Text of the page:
In wake of meningitis outbreak, Dana-Farber Cancer Institute explains compounding

Hundreds of fungal infections linked to injectable drugs made by a Framingham specialty pharmacy have sparked questions among regulators, hospitals, and patients about the role such drugmakers play in providing crucial drugs.

In an effort to educate patients about its drug compounding efforts, Dana-Farber Cancer Institute has produced a video that goes into its pharmacy, showing how drugs are prepared and what steps the hospital takes to ensure that drugs are safe and sterile. Compounding is a little-known corner of pharmacy that involves preparing individualized doses for patients, but the company at the center of a major public health crisis, New England Compounding Center, was apparently acting more like a drug manufacturer, providing large batches of drugs and shipping them nationally.

Dana-Farber’s compounding pharmacy prepares 950 sterile products a day, including chemotherapy, anti-nausea medication, and intravenous fluids.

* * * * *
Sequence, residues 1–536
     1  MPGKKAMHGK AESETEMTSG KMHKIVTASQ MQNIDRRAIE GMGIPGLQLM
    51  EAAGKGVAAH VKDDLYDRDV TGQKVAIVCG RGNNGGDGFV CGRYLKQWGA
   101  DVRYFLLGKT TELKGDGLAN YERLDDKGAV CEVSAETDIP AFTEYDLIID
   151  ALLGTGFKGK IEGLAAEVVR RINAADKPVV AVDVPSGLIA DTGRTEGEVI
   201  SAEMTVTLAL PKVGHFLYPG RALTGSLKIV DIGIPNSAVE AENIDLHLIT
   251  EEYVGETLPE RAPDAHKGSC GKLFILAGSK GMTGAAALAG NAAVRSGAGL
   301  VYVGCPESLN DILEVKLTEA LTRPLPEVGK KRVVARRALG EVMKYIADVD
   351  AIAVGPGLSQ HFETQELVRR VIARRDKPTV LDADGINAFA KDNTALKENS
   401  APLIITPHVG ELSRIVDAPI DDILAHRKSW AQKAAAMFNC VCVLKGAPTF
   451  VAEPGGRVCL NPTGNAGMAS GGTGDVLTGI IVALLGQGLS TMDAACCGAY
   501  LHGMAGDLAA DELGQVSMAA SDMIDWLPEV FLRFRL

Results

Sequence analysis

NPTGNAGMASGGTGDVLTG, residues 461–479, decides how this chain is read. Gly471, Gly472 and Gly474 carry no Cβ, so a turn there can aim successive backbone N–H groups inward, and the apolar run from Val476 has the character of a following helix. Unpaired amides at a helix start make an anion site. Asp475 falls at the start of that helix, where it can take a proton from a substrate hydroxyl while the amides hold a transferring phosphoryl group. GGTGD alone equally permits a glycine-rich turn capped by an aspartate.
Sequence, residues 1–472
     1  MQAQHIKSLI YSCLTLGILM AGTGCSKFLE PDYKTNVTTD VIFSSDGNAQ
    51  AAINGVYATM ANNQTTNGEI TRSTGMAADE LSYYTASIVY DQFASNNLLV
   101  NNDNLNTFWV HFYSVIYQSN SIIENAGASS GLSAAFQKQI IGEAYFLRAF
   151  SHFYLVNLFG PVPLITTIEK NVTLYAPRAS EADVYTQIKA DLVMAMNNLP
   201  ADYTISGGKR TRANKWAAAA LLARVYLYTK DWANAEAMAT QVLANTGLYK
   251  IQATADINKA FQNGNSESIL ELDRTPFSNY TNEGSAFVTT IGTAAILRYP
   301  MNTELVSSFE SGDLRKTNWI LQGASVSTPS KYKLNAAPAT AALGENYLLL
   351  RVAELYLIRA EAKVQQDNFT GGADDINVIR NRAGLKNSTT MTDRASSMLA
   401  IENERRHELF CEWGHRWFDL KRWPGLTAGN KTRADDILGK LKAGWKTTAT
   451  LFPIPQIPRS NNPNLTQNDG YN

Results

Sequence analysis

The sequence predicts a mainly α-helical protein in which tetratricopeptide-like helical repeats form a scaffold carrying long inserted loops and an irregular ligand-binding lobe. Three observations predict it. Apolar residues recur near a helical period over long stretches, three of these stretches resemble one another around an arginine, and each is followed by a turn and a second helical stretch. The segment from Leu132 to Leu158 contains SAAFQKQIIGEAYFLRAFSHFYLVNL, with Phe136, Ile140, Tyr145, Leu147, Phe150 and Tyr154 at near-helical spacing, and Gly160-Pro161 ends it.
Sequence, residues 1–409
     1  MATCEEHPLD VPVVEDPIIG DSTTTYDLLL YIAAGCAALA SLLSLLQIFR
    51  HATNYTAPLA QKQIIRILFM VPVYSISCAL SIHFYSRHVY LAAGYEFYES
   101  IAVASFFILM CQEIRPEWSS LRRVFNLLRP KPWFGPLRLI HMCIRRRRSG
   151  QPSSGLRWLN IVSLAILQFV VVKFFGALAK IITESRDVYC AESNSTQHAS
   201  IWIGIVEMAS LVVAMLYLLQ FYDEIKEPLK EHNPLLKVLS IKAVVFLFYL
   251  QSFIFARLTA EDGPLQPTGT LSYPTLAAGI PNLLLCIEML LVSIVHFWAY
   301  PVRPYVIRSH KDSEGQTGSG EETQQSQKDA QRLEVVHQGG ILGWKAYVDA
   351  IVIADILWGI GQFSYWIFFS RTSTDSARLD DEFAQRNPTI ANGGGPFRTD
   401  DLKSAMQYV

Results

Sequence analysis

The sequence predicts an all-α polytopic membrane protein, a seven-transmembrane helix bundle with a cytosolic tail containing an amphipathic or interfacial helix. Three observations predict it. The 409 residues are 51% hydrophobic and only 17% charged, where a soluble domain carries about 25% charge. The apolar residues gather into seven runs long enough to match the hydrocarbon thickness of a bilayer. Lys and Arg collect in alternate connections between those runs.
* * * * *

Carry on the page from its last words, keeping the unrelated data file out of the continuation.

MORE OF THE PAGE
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“These products are prepared in a biological safety cabinet within the clean room, there is special staff preparation before going in the clean room, and it’s very much like working in an operating room,” said Sylvia Bartel, director of pharmacy at Dana-Farber, in the video.

In an e-mail, Dana-Farber spokeswoman Anne Doerr said that the hospital does all its own drug preparation.

“For safety, we have always compounded our own medications and now do so for other hospitals which no longer use” New England Compounding Center, Doerr wrote. She said the hospital is providing medications for Brigham and Women’s Hospital and has been doing so since New England Compounding closed, not because of emergency provisions put in place by the state last week to allow hospital pharmacies to provide drugs for other hospitals.